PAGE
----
The meal kit industry is a booming business, and leading the charge is longtime contender Blue Apron. Blue Apron Holdings Inc., filed for an IPO in June, and is the first in this new industry to go public.
Blue Apron filed for an IPO for up to $100 million, and is being underwritten by finance giants Goldman Sachs, Morgan Stanley, Citigroup and Barclays. The company plans to trade on the New York Stock Exchange under the symbol APRN.
Sun Basket, a competitor of Blue Apron that focuses on delivering organic ingredients as part of its meal kits, has hired banks for an IPO that could take place later this year, according to Reuters.
Blue Apron, despite the growth of the industry and its revenue, is not yet profitable, which could be a problem once it goes public. According to Reuters, it lost $54.9 million last year although revenue more than doubled to $795.4 million. Blue Apron also posted a net loss of $52.2 million for the first quarter of 2017 despite revenue of $244.8 million. According to SFGate.com, “some of the increased loss stemmed from the rising cost of ingredients and from spending on marketing, which jumped 10-fold from 2014 to 2016, to $144.1 million.”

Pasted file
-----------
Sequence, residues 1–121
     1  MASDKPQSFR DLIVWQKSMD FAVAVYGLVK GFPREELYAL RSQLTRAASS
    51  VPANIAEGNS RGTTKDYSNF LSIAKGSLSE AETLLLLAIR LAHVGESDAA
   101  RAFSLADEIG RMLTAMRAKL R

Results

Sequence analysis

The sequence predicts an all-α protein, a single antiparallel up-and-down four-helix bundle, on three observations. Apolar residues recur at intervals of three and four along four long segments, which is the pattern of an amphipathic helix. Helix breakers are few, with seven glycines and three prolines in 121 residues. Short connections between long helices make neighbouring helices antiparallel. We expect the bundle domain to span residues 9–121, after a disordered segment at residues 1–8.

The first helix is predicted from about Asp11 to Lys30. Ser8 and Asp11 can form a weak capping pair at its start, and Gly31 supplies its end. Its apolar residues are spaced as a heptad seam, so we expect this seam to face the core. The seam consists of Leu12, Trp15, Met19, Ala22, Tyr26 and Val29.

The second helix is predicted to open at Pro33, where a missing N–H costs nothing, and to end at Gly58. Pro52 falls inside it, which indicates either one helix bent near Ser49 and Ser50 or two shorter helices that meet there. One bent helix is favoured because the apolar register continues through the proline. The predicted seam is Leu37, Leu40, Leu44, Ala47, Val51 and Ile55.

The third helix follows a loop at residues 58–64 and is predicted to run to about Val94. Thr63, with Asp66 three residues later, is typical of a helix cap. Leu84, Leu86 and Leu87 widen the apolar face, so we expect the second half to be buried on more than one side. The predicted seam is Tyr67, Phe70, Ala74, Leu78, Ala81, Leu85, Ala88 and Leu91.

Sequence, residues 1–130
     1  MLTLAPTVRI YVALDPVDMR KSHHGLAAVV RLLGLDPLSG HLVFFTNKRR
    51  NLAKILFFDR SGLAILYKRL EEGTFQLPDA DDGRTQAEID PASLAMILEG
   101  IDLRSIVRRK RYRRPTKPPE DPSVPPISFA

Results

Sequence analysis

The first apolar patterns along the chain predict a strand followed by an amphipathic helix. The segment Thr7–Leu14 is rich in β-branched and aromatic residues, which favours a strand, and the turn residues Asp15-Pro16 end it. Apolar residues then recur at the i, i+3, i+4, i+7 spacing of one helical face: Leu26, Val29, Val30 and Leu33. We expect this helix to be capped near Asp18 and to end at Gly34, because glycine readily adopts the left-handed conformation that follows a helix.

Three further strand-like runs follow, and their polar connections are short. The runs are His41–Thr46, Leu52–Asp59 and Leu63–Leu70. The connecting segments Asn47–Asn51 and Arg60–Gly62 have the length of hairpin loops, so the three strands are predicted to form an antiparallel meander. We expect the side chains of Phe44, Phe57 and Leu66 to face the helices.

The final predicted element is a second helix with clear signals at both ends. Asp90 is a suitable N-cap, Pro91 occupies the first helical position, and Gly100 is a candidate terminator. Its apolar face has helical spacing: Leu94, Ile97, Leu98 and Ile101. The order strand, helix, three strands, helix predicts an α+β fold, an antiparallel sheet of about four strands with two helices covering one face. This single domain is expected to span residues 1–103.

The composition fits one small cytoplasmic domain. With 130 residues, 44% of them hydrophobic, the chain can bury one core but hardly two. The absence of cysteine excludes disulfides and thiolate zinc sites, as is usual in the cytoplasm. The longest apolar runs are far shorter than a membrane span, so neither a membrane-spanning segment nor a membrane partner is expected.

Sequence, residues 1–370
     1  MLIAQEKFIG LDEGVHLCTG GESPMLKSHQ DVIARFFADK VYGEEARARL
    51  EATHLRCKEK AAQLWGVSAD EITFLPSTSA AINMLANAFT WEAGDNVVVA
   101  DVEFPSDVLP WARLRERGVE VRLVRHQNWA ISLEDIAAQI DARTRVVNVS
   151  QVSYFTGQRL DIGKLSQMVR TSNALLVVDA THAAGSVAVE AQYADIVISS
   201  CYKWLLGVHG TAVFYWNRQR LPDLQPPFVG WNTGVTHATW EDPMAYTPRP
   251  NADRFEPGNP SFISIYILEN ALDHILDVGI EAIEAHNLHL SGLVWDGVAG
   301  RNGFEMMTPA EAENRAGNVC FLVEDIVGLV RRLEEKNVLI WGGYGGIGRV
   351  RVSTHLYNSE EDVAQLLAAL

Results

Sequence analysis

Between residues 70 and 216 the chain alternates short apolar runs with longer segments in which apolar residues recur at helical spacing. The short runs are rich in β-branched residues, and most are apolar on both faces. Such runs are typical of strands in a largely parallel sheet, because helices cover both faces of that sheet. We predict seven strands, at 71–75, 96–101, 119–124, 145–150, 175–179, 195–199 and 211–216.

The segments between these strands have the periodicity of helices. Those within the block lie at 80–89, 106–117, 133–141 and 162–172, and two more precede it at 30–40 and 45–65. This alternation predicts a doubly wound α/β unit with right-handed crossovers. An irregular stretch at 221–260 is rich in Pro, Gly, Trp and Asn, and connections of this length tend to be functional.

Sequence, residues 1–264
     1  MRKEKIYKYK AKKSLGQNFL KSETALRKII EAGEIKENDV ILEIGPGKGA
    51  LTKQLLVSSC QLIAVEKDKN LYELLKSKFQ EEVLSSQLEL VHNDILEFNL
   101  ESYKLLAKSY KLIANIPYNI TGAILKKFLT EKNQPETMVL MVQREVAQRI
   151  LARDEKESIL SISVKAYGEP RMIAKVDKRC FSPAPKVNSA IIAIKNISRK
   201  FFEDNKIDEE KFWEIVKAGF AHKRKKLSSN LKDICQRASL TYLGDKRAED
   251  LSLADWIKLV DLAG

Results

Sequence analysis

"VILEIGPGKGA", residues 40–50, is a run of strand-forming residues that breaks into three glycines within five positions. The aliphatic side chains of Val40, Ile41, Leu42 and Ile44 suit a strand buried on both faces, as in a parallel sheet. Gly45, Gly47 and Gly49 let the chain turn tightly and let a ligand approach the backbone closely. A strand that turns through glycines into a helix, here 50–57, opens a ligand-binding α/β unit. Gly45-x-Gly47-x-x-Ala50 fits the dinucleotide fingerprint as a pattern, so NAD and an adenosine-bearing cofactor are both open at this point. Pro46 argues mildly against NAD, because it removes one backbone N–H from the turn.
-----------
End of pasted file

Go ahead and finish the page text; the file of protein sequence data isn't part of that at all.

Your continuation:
"We have a history of losses, and we may be unable to achieve or sustain profitability," Blue Apron said in its filing with the U.S. Securities and Exchange Commission.
According to Fortune Magazine, analysts have predicted that big grocery companies will look into acquiring meal kit delivery services. Currently, the industries compete, so successful meal kit services like Blue Apron are an attractive proposition and grocery providers like Wal-Mart, Kroger and even Amazon with its new grocery delivery service, who have the bandwidth to take care of fulfillment.
Blue Apron now offers a two-person meal plan and a family plan, starting at $8.99 per serving. The company used to offer subscription plans that were delivered each week, but found that customers were dropping off because they wanted more flexible options and the ability to order one meal at a time. The small meal-kit box, containing fixings for three meals for two people, costs $59.94. Blue Apron also began selling wine that can be paired with the meals.
"Our customers often cook with us multiple times each week, and they trust us to craft delicious recipes and to select interesting, high-quality ingredients to feed their families and loved ones," the company said in the filing. "Hailing from 48 states, our customers span ages, geographies, income brackets and culinary expertise."